Business

Clarke points to improvements in Jamaica's economy

Debt-to-GDP ratio lowest this century; growth rate is 10 times 10-year average

BY KEITH COLLISTER

Friday, February 15, 2019

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In a well-received address to the annual Jamaica Securities Dealers Association Breakfast Forum on February 13, 2019, Minister of Finance and the Public Service Dr Nigel Clarke started by noting that “it was the first time this century” that Jamaica had a debt to GDP ratio below 100 per cent, and 15 consecutive quarters of economic growth.

He noted the current growth rate of roughly two per cent was 10 times the 10-year average of 0.2 per cent, and compared favourably to the 20 year average of 0.5 per cent and even the 40-year average of 0.9 per cent.

He emphasised the importance of Government of Jamaica's (GOJ) policy thrust of deepening financial markets to achieve development.

Stating that the social and physical infrastructural needs of Jamaica cannot all be financed from existing revenues, he argued the GOJ has a strong interest in the development of efficient capital markets.

“We intend to catalyse the development of deep financial markets — markets for corporate debt, public equities and foreign exchange — that are characterised by transparency, competition and liquidity,” he said.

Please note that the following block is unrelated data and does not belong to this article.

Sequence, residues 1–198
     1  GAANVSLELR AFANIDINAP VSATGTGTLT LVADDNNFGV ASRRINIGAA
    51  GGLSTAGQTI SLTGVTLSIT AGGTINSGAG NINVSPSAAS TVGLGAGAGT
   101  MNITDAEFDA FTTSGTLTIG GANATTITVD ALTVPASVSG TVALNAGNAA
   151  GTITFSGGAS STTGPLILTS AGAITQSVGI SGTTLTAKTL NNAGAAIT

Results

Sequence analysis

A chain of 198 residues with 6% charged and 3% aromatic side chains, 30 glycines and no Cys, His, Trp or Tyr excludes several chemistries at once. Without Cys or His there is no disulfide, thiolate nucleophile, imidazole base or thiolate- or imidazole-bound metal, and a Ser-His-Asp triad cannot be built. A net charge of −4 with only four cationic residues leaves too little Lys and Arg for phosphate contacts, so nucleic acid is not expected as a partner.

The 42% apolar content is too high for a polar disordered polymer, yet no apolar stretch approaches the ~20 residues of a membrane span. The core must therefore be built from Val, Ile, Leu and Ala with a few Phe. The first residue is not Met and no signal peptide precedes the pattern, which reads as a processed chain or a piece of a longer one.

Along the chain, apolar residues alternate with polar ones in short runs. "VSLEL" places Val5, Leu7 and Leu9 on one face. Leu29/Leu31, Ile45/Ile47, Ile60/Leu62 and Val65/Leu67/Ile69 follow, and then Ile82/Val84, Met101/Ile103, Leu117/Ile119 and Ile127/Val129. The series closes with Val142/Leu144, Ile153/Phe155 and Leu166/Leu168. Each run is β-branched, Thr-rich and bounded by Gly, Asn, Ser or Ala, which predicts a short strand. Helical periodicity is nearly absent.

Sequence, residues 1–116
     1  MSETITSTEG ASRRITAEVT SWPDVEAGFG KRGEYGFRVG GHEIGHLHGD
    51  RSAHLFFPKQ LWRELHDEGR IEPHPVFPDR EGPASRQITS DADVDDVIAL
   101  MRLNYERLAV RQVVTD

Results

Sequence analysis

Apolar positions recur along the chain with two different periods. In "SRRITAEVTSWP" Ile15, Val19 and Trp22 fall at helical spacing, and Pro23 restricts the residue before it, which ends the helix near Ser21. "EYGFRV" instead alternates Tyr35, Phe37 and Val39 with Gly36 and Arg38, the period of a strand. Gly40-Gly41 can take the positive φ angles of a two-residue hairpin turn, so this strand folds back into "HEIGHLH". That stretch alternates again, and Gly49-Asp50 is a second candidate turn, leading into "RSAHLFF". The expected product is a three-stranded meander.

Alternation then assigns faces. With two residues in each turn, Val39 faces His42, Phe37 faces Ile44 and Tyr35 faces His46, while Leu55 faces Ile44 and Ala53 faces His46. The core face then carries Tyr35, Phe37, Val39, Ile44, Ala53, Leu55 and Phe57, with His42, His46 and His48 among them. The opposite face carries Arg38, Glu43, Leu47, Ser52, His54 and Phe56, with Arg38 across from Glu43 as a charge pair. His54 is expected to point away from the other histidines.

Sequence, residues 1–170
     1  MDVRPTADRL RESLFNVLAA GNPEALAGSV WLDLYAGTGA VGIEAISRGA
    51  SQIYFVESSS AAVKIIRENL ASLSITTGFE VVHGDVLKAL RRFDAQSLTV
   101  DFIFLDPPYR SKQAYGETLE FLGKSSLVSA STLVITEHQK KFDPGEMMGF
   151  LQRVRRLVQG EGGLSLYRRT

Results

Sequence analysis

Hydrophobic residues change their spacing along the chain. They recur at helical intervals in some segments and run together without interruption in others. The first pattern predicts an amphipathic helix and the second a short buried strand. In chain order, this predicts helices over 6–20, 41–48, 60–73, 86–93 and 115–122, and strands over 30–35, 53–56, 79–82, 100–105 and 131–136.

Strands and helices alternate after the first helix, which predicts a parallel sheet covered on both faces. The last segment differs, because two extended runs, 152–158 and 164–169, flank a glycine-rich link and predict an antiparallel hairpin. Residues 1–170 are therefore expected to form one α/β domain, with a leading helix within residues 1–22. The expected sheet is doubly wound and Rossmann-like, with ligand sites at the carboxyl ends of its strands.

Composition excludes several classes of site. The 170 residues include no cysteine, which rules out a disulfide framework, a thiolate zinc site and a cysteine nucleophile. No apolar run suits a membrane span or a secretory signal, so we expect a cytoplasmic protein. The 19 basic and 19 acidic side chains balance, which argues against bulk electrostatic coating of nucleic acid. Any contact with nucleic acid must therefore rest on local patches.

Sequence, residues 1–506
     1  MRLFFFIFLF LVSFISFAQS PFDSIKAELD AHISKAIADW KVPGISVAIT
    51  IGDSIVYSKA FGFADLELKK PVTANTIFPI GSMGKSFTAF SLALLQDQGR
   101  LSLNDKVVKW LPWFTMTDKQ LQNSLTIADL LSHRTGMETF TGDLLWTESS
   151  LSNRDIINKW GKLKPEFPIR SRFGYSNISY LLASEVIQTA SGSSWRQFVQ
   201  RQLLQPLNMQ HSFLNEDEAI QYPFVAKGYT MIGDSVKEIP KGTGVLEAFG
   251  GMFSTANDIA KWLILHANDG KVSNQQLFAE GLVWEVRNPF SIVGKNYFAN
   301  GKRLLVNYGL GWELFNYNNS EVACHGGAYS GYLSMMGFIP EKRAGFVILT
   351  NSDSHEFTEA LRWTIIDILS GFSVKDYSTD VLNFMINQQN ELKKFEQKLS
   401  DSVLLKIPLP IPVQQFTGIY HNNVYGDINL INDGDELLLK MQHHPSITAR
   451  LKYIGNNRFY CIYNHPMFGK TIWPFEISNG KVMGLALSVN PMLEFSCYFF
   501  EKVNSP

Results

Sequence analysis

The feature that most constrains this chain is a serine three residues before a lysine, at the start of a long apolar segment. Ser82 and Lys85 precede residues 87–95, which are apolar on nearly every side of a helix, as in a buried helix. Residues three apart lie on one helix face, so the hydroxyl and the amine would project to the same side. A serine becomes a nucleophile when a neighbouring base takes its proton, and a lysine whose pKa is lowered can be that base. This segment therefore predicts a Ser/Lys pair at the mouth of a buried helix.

Arguing particularly for the development of a deeper (more liquid), more transparent (where any market participant can have access to the bid offer of dealers at any time of day) and competitive foreign exchange market (explicitly asking the question as to whether financial institutions were okay with lower margins but higher volumes), the minister highlighted the challenge posed by the tendency of financial institutions to trade only with their clients and not with each other.

He described it as “not a market but a market of many markets”, and that the Central Bank would move to incentivise inter-bank trading, meaning buying and selling amongst themselves, so that a bank would “buy to meet the demands of another bank”.

Specifically, the minister noted “in the foreign exchange markets, the Central Bank will nurture the development of a liquid inter-bank foreign exchange market without which we will continue to have a market of multiple bank markets which is not ideal. The bids, sales and activities of this inter-bank market will be visible on an electronic platform to market participants in real time allowing for greater price discovery. This trading infrastructure will lead to increased trading volumes, lower margins and more efficient pricing over time to the benefit of customers”.

The minister also aggressively encouraged market players to, as he put it, “get up and solve the problem”, citing his investment banking experience overseas. A real-life example of this would be Sagicor CEO Chris Zacca's admission “In fact, Sagicor Investments just successfully concluded a foreign exchange forward sale contract for US$80 million with a major Jamaican corporation, setting a fixed price for the US dollar as of a certain future date” as covered in a recent Business Observer article.